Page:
Friday, June 05, 2009

Intellectual Hegemony and The Thought Police

Characters of the Wild Web Number 12: This guy was caught subverting Law and Disorder

In this blog post scientific lawman Larry Moran introduces a “world view continuum” that runs all the way from Young Earth Creationists, through ID theorists and Theistic Evolutionists to Materialist Evolution. Larry objects that this spectrum is misleading because in his view there is a qualitative discontinuity somewhere between theistic evolution and materialist evolution. His motivation, I suspect, is that he wants to divide the world up into two opposing categories of people; fundamentalist materialists and the methodological law breakers he would consider guilty of “anti-science” subversion and superstition.

In order to try and get a handle on Larry’s views I traced a link back to an earlier essay of his entitled “Theistic Evolution: The Fallacy of the Middle Ground”. In this essay Larry starts with a quote from Eugenie Scott which tells us that “science restricts itself to explaining the natural world using natural causes”, a statement that is all but tautological; with this statement in mind we might be tempted to explain matter and energy using “natural causes” such as…er…matter and energy. However, Larry goes on to quote Michael Ruse who is worth quoting; but then Ruse is a philosopher with Quaker roots.

Michael Ruse: The methodological naturalist is the person who assumes that the world runs according to unbroken law; that humans can understand the world in terms of this law; and that science involves just such understanding without any reference to extra or supernatural forces like God. Whether there are such forces or beings is another matter entirely and simply not addressed by methodological naturalism. Hence, although indeed evolution as we understand it is a natural consequence of methodological naturalism, given the facts of the world as they can be discovered, in no sense is the methodological naturalist thereby committed to the denial of God's existence. It is simply that the methodological naturalist insists that, inasmuch as one is doing science, one avoid all theological or other religious references. In particular, one denies God a role in creation. [Michael Ruse (2002) "Methodological Naturalism Under Attack" p. 365]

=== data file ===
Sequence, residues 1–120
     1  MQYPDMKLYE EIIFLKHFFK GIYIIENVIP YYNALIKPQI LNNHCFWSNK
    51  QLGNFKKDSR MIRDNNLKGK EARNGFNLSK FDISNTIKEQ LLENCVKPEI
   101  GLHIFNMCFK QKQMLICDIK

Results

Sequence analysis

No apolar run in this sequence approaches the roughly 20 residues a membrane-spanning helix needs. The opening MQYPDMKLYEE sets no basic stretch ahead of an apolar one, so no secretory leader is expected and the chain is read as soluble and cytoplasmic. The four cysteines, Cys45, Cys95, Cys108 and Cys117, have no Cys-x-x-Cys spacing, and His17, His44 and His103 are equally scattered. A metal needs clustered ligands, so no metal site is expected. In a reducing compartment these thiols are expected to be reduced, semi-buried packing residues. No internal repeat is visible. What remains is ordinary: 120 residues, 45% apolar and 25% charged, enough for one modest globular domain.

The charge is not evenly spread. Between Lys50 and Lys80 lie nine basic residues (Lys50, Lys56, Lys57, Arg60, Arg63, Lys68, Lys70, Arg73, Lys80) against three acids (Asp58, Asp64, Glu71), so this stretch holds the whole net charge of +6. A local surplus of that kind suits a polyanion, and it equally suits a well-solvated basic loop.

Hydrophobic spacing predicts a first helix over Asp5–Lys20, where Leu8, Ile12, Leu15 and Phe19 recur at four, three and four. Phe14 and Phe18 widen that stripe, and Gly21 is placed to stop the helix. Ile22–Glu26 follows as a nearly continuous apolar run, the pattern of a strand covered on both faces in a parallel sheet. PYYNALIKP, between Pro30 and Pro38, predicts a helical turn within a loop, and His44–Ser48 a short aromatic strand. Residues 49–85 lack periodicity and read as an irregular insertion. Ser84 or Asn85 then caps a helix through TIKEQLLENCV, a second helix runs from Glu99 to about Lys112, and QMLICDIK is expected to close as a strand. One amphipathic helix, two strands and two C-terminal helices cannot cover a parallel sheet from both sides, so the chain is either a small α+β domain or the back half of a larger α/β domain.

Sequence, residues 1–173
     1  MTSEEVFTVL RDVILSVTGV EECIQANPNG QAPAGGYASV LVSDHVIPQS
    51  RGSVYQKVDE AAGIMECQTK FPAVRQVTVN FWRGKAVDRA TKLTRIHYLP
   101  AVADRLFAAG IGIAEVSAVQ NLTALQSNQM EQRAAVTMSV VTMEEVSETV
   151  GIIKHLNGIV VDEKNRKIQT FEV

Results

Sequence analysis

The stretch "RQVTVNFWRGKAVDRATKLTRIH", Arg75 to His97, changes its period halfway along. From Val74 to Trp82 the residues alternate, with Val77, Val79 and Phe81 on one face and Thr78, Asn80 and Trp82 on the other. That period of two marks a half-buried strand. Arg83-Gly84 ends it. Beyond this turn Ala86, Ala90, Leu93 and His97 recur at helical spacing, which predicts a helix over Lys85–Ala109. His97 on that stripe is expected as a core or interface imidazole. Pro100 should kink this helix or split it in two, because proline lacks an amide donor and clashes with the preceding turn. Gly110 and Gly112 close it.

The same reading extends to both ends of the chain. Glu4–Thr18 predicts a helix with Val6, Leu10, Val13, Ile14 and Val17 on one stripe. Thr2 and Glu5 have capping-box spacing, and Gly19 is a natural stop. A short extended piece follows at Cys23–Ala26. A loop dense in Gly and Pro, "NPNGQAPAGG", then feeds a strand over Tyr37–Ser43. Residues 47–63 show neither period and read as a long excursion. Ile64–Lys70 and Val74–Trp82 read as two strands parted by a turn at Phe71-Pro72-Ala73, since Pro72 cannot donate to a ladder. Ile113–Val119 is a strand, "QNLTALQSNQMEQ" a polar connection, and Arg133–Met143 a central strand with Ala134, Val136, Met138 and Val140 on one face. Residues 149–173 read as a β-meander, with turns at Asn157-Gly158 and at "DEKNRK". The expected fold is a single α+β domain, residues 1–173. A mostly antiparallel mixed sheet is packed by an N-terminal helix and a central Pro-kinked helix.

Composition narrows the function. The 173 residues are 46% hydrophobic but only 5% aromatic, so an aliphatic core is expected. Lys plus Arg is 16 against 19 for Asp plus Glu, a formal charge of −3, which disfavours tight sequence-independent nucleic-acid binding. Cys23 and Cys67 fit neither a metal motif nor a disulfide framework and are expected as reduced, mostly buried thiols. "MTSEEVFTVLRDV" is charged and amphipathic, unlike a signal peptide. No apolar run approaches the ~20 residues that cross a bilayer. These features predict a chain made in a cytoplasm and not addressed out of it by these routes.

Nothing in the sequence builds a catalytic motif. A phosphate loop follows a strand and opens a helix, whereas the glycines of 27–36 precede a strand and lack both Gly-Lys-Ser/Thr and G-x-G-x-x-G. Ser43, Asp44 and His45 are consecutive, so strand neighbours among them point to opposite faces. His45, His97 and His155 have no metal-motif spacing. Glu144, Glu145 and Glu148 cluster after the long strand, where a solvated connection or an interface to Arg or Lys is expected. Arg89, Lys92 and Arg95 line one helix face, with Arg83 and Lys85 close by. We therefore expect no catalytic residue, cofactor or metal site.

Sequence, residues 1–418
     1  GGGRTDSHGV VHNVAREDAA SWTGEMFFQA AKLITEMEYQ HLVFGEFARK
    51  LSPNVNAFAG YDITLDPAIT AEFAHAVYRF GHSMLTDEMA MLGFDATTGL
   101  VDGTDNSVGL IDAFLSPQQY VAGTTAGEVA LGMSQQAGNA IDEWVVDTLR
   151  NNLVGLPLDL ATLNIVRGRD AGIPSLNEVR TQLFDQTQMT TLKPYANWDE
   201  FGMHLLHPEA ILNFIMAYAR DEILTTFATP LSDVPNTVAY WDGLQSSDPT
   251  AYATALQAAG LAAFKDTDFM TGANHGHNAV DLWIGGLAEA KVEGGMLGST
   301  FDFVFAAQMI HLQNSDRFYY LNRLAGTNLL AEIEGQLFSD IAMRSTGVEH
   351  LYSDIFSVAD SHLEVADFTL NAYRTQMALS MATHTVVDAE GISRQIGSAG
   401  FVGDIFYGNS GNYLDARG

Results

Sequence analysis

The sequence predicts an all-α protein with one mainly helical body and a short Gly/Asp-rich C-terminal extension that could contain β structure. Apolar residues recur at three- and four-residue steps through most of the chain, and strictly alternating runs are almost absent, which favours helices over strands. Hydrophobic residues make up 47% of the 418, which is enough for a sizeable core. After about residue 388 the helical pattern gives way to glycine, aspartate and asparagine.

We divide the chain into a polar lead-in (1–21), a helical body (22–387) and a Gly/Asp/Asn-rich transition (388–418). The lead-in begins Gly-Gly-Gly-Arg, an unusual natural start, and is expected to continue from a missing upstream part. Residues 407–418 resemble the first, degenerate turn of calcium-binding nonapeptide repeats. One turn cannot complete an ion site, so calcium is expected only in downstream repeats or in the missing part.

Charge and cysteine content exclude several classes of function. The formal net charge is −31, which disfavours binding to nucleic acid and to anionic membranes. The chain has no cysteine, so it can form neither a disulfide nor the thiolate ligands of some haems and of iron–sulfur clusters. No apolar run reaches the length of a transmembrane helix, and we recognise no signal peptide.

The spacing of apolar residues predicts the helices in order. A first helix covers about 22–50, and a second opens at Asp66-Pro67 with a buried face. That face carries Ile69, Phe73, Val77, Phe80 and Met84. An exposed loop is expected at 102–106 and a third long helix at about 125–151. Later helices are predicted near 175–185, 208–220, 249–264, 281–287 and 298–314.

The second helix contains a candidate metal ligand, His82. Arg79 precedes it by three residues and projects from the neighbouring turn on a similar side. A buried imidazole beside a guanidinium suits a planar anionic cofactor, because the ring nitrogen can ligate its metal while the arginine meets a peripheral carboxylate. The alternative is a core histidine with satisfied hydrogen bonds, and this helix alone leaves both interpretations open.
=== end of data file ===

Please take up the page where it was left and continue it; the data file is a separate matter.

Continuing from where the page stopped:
Not bad; at least that’s intelligible and I think I can go along with most of it. Leaving aside Ruse’s references to God the crucial part of Ruse’ statement is this: “The methodological naturalist is the person who assumes that the world runs according to unbroken law; that humans can understand the world in terms of this law…” I identify Ruse’ “unbroken law” with my concept of “Law and Disorder”; that is, an assumed ontology whose behavior is described using a combination of only two mathematical objects: short algorithmic laws and statistics. These latter two objects, which respectively reside at the extreme ends of the order/disorder spectrum, describe many if not all the patterns in our world. Thus, I conclude that “methodological naturalism” is an epistemology based on the assumption of an ontology that is subject to a regime of Law and Disorder.